Spinal Muscular Atrophy (SMA) is an incurable, autosomal recessive inherited neuromuscular disease typified by progressive weakness and, in the most severe forms, death due to respiratory failure.1 SMA is the second most common congenital disease with an estimated worldwide incidence of approximately 1 in 10,000 live births.2 The reliability and diminishing cost of genetic testing makes widespread genetic screening for SMA technically feasible and cost-effective.3 The SMA genetic screening is a test for a homozygous deletion in exon 7 of the gene SMN1, the most common genetic finding associated with any form of SMA.4
Genetic screening for SMA can occur for several reasons:
- Carrier screening for family planning purposes
- Prenatal/preconception screening in a family with a history of SMA or known SMA carrier status
- As part of a newborn screening program
- Screening of an asymptomatic sibling of a patient with SMA
With respect to carrier screening in SMA, The American College of Obstetricians and Gynecologists (ACOG), among other medical organizations, currently recommends that, “All patients who are considering pregnancy or are already pregnant, regardless of screening strategy and ethnicity, should be offered carrier screening for… spinal muscular atrophy….”5 Published research has confirmed that such pan-ethnic carrier screening is both useful for families and informative to the medical community.6,7
When a patient seeks advice in the setting of having a family history of SMA, ACOG advises that, in the absence of a confirmed test report for the affected individual or the results of carrier testing in the related parent, that SMA screening testing be offered to the low risk partner.8 The relative ease and widespread availability of SMA screening reinforces the importance awareness of ethical issues such as carrier status being revealed directly or indirectly to individuals who do not wish to know.9
SMA is not included in universal blood spot newborn screening performed on all newborns in the United States, but blood spot testing can identify SMN1 deletions.4,10 A pilot study of newborn screening for SMA in New York City had a 93% opt-in rate and identified one newborn with a severe genotype who subsequently had a successful early intervention.3 United States citizens desire universal newborn screening for SMA. Approximately 80% of respondents in a United States-based poll indicated a willingness to pay for newborn SMA screening even without a cure being available;11 similar results were obtained in a poll in the United Kingdom.12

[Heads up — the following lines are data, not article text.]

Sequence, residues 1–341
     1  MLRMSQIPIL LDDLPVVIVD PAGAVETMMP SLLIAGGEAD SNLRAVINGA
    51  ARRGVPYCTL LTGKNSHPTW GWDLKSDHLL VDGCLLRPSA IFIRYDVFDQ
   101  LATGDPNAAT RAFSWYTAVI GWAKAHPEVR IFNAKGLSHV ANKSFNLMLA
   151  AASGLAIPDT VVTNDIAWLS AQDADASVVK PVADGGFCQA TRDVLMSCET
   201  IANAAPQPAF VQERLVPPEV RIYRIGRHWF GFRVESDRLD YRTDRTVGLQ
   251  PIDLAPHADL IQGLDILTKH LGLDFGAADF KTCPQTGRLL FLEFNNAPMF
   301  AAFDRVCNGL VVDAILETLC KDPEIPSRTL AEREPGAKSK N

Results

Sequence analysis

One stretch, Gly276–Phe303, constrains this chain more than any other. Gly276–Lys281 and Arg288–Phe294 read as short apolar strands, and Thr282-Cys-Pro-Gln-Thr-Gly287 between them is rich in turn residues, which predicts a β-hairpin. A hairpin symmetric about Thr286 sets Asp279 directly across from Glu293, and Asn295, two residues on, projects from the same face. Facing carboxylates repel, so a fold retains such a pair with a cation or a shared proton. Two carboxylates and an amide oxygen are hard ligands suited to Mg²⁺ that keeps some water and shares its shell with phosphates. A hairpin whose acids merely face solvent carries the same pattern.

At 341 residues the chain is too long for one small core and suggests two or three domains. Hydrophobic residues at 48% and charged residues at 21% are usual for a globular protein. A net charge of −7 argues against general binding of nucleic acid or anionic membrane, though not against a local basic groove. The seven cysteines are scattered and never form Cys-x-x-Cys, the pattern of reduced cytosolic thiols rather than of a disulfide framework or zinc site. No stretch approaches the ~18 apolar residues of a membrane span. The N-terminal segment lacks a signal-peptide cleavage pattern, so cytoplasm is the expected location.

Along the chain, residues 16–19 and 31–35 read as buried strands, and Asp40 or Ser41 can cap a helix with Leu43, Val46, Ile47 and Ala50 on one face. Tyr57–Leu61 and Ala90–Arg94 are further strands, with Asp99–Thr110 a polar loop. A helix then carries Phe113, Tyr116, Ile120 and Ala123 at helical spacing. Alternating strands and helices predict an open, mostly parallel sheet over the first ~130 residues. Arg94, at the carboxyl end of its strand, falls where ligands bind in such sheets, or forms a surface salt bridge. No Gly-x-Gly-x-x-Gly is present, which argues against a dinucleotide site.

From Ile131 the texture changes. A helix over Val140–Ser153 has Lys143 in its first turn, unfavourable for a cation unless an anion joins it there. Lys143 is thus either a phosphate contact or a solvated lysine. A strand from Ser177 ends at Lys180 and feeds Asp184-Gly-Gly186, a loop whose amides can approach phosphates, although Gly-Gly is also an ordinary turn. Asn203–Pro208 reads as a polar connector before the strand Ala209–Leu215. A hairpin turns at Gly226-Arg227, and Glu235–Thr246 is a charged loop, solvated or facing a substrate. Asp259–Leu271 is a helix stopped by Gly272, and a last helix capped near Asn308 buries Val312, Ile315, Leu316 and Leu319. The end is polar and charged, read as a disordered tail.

Generally, genetic screening of asymptomatic siblings of patients with congenital diseases is discouraged on ethic grounds until the individual is mature enough to be involved in the choice to undergo testing.13 Carrier testing of siblings does occur despite recommendations against such testing with generally positive sentiments in families who receive results.14 The ethical argument against testing asymptomatic individuals at risk of having SMA were predicated on there being no intervention available to justify pre-symptomatic identification of a serious disease.15 With approved SMA treatments, this stance against early detection may be less defensible in public opinion.12
1. D’Amico A, Mercuri E, Tiziano FD, Bertini E. Spinal muscular atrophy. Orphanet journal of rare diseases. 2011;6:71.
2. Verhaart IEC, Robertson A, Wilson IJ, et al. Prevalence, incidence and carrier frequency of 5q-linked spinal muscular atrophy – a literature review. Orphanet journal of rare diseases. 2017;12(1):124.
3. Kraszewski JN, Kay DM, Stevens CF, et al. Pilot study of population-based newborn screening for spinal muscular atrophy in new york state. Genet Med. 2018;20(6):608-613.
4. Kato N, Sa’Adah N, Ar Rochmah M, et al. Sma screening system using dried blood spots on filter paper: Application of cop-pcr to the smn1 deletion test. Kobe J Med Sci. 2015;60(4):E78-85.
5. Committee opinion no. 690: Carrier screening in the age of genomic medicine. Obstet Gynecol. 2017;129(3):e35-e40.
6. Sugarman EA, Nagan N, Zhu H, et al. Pan-ethnic carrier screening and prenatal diagnosis for spinal muscular atrophy: Clinical laboratory analysis of >72,400 specimens. Eur J Hum Genet. 2012;20(1):27-32.
7. Wood SL, Brewer F, Ellison R, Biggio JR, Edwards RK. Prenatal carrier screening for spinal muscular atrophy. American journal of perinatology. 2016;33(12):1211-1217.
8. Committee opinion no. 691: Carrier screening for genetic conditions. Obstet Gynecol. 2017;129(3):e41-e55.
9. Skirton H, Goldsmith L, Chitty LS. An easy test but a hard decision: Ethical issues concerning non-invasive prenatal testing for autosomal recessive disorders. Eur J Hum Genet. 2015;23(8):1004-1009.
10. Taylor JL, Lee FK, Yazdanpanah GK, et al. Newborn blood spot screening test using multiplexed real-time pcr to simultaneously screen for spinal muscular atrophy and severe combined immunodeficiency. Clinical chemistry. 2015;61(2):412-419.
11. Lin PJ, Yeh WS, Neumann PJ. Willingness to pay for a newborn screening test for spinal muscular atrophy. Pediatr Neurol. 2017;66:69-75.
12. Boardman FK, Sadler C, Young PJ. Newborn genetic screening for spinal muscular atrophy in the uk: The views of the general population. Molecular genetics & genomic medicine. 2018;6(1):99-108.
13. Carre A, Empey C. Review of spinal muscular atrophy (sma) for prenatal and pediatric genetic counselors. Journal of genetic counseling. 2016;25(1):32-43.
14. Vears DF, Delany C, Massie J, Gillam L. Parents’ experiences with requesting carrier testing for their unaffected children. Genet Med. 2016;18(12):1199-1205.
15. Wang CH, Finkel RS, Bertini ES, et al. Consensus statement for standard of care in spinal muscular atrophy. J Child Neurol. 2007;22(8):1027-1049.